John Rowe, the committee’s chief analyst, acknowledged the PIAA has improved its operations in recent years after prodding by some lawmakers.
But, he added, “more needs to bt* done in a number of areas where PIAA practices continue to fall short of best business and accounting practices.”
Among other things (see box at right), the review found the PLAA continues to tally expenses that exceed its revenues. In fiscal 200001, the association had revenues of $8.1 million but $8.7 million in expenses, despite raising membership fees and ticket prices.
In the past four years, the PIAA headquarters has had operating losses of $1.4 million, according to the review, including $314,000 to settle a sex discrimination lawsuit filed by a female basketball referee who alleged the PIAA refused to let her officiate boys’ basketball games.
State Senate President Pro Tem and Lt. Gov. Robert C. Jubelirer, one of the most vocal critics of the PIAA, was not available to comment on the review Wednesday.
PIAA Executive Director Brad Cashman downplayed the critical aspects of the review.
Although he seemed receptive to recommendations for improvements, he refused to commit to any specific changes when questioned
Among the problems discovered in the PIAA view released by the Legislative Budget and Finance Committee.
■ Some “questionable” expenses, including $3,536 to buy 26 watches for board members, $770 for a pair of 10K gold rings tor board members and more than $2,700 for clothing for board members and staff
■ A limited competitive bid policy that is “not sufficiently clear" and applies only to certain merchandise and services.
■ A lack of a formal policy for reviewing expenses and setting guidelines for reimbursements The PIAA, for example, lacks written guidelines regarding the staff's use of corporate credit cards.
■ A lack of compliance with the PIAA's own open meetings policy.
by lawmakers who constitute the legislative committee.
Cashman’s contention that the PIAA is, for the most part, in compliance with its rules brought a harsh response from Rep. Frank Pistella, D-Allegheny.
“That’s sort of like being a little bit pregnant,” Pistella told Cash man. “Either you are (in compliance! or you’re not.”
The PIAA has had a rocky relationship with many members of the General Assembly in recent years.
Concerns about the association’s accountability led to a legislative inquiry in 1998 and prompted a 2000 law that created a 17-member PIAA oversight board that includes lawmakers and school officials.
Sen. Gerald La Valle, D-Beavar. who sits on both the oversight board and the legislative committee, said there “seems to be some reluctance” by Cashman to cooperate with lawmakers in improving the PIAA.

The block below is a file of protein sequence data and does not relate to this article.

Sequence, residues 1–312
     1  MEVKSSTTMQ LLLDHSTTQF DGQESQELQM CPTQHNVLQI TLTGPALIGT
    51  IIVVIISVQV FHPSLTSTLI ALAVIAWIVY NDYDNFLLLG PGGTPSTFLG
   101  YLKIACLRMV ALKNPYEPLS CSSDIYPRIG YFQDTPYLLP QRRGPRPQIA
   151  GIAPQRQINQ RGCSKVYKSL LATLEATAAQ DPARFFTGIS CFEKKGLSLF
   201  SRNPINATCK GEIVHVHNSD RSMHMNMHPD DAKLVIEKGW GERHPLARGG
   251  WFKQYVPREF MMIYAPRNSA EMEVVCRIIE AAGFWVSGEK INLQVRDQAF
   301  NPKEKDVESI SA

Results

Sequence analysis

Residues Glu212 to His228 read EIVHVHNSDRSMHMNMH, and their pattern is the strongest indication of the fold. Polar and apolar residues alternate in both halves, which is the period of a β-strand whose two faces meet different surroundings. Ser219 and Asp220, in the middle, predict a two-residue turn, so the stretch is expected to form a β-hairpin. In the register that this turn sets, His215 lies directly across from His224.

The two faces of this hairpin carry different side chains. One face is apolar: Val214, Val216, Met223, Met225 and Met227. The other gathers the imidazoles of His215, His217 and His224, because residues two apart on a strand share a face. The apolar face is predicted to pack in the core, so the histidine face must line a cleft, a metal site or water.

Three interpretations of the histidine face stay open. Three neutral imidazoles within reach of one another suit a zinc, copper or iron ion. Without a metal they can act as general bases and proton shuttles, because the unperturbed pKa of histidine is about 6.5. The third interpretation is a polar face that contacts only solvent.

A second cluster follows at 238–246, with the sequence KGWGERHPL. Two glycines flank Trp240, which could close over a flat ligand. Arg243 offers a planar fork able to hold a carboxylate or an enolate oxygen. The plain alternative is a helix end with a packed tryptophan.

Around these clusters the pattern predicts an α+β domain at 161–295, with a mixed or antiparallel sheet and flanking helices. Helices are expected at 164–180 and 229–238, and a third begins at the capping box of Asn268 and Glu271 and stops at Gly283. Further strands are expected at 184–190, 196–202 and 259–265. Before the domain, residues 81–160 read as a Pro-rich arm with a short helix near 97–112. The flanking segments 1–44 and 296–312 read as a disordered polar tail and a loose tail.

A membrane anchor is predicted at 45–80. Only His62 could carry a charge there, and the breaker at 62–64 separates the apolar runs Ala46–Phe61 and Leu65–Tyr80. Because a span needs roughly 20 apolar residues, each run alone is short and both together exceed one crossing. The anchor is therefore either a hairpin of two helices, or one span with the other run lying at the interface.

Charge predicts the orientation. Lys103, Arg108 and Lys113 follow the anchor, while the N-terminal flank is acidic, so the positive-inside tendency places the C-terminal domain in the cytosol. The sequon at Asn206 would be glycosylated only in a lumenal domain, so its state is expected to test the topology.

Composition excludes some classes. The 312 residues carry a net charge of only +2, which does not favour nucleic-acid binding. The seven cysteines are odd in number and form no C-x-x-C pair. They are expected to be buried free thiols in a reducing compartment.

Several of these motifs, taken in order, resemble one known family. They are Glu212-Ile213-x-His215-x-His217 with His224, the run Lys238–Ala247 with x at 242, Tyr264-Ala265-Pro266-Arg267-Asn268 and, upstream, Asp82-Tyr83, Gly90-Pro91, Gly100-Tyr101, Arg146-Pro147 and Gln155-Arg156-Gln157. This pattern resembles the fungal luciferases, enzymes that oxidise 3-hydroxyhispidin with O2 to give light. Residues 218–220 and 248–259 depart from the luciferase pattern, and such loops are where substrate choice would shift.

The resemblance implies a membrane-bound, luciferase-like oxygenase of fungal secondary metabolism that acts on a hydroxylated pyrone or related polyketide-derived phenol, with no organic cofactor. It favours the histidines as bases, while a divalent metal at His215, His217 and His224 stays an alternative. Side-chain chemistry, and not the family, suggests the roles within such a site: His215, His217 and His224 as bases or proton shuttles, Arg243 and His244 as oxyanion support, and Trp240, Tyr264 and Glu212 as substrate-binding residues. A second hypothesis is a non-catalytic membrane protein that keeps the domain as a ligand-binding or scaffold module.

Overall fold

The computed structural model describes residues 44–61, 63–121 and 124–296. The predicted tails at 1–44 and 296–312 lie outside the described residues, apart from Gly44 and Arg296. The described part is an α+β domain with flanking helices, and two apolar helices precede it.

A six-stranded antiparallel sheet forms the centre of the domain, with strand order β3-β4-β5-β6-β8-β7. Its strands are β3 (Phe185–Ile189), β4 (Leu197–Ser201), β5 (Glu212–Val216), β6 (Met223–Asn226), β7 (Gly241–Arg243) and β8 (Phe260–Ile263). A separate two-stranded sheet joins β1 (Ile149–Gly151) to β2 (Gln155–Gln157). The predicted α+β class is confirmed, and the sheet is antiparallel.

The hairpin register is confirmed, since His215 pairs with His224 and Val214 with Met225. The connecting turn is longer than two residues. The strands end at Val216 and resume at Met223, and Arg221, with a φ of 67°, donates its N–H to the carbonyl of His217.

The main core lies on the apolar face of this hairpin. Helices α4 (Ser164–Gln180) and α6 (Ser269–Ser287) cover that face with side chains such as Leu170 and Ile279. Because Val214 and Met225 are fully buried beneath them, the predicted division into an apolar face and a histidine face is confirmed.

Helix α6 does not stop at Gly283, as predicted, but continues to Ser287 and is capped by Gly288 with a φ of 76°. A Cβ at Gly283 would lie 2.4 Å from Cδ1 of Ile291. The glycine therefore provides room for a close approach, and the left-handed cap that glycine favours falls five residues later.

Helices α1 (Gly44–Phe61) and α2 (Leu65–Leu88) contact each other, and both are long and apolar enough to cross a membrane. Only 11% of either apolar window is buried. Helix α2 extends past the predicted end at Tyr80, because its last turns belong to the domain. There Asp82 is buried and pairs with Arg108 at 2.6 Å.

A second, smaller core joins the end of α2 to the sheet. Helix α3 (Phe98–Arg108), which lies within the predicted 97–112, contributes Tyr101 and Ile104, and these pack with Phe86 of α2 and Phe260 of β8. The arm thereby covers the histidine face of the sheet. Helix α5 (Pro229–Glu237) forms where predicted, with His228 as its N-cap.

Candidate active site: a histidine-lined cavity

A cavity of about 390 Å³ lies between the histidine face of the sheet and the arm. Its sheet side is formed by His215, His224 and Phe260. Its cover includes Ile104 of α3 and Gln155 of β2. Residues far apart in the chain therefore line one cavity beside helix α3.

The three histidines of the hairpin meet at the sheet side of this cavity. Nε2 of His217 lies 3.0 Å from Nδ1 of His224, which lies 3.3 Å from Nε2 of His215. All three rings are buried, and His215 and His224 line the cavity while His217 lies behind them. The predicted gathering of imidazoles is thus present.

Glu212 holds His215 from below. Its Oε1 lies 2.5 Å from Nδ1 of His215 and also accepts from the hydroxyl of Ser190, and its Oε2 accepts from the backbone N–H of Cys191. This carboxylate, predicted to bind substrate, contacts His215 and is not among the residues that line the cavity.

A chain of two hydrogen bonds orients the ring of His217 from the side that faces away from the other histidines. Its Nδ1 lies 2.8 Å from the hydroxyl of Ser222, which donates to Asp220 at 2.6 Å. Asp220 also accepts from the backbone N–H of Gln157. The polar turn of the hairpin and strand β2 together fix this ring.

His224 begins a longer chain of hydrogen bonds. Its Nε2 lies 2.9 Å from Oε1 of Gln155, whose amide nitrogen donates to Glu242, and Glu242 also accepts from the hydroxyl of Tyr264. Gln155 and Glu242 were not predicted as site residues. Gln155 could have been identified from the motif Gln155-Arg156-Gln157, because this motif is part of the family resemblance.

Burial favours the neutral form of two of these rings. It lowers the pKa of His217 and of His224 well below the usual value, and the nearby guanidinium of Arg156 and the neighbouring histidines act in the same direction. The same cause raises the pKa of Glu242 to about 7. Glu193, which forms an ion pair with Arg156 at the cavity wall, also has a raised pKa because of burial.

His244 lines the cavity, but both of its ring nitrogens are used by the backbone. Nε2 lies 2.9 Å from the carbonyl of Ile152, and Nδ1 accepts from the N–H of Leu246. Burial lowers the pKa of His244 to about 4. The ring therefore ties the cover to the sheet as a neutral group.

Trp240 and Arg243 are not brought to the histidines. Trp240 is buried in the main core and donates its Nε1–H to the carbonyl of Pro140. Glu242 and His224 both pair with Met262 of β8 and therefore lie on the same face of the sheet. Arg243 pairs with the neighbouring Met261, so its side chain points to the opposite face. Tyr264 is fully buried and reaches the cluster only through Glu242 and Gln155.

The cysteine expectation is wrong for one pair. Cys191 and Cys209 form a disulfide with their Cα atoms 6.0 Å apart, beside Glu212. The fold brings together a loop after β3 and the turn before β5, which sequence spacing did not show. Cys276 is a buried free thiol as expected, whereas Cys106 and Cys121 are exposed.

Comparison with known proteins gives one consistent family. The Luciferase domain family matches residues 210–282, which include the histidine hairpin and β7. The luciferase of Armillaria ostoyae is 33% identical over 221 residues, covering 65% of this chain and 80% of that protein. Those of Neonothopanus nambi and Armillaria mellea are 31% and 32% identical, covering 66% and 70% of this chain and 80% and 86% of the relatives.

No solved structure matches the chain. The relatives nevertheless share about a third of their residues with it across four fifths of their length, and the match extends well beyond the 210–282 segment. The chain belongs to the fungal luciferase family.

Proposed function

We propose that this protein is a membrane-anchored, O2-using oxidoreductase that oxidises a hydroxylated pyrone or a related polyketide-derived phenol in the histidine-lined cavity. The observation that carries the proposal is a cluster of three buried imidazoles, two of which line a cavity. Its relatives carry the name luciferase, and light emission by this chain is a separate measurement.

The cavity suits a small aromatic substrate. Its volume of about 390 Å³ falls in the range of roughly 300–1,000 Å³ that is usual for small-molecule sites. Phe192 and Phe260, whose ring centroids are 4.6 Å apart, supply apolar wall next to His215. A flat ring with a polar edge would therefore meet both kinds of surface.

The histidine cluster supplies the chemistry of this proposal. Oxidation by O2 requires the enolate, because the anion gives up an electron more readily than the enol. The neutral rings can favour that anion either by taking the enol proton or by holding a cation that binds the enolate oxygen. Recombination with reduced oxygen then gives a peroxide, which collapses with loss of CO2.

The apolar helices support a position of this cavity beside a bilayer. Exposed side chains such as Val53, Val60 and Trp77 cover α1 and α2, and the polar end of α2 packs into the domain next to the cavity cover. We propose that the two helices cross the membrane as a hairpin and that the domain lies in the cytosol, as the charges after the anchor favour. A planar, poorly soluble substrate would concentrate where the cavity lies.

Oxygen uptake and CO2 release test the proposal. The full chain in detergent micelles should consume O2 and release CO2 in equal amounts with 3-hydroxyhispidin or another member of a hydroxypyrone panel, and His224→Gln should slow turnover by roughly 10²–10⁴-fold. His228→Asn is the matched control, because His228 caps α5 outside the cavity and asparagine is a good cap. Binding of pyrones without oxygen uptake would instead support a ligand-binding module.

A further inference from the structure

“Your organization has to be receptive to dealing with those concerns,” La Valle told Cashman.
Please see PIAA/Page AllFinal congressional redistricting plan could take months
By Robert Igoe Staff Writer HARRISBURG — Democrats outraged by a congressional redistricting plan approved by the state Senate Republican majority earlier this week may find some relief in the House’s counterproposal.
But both sides likely will wait until early 2002 to agree on a final plan.
The House’s version, which was passed
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Wednesday, differs from the Senate version in that it would eliminate only two Democratic seats rather than the four in the Senate plan.
Among the seats preserved would be U.S. Rep. John Murtha’s 12th District seat, which under the Senate plan would have been drastically redrawn, pitting Murtha against fellow Democrat and 20th District Rep. Frank Mascara in the 2002 primary.
One prominent political analyst said it
may be February until the final lines are agreed upon.
“Maybe this will be put off until after Christmas, just as was done in 1981 and 1991,” said Jon Delano of the H. John Heinz School of Public Policy and Management at Carnegie Mellon University.
“In those years, redistricting plans were not approved until just days before the [February J filing date for nominating petitions.”
State Rep. Gary Haluska, D-Patton, said that while any redistricting plan will see the influence of the majority party in determining new districts and the elimination of old ones, he said the Senate plan went too far.
“That plan had too many political overtones,” he said. “It was clearly being done to maximize the number of seats they could gain and Democratic seats they could eliminate.
Please see Plan/Page All
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Attorneys for the state and the coalition of labor unions at the Hollidaysburg Car Shop filed their briefing Wednesday with the 3rd Circuit Court of Appeals.
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THURSDAY, DECEMBER 13, 2001
PIAA UNDER SCRUTINY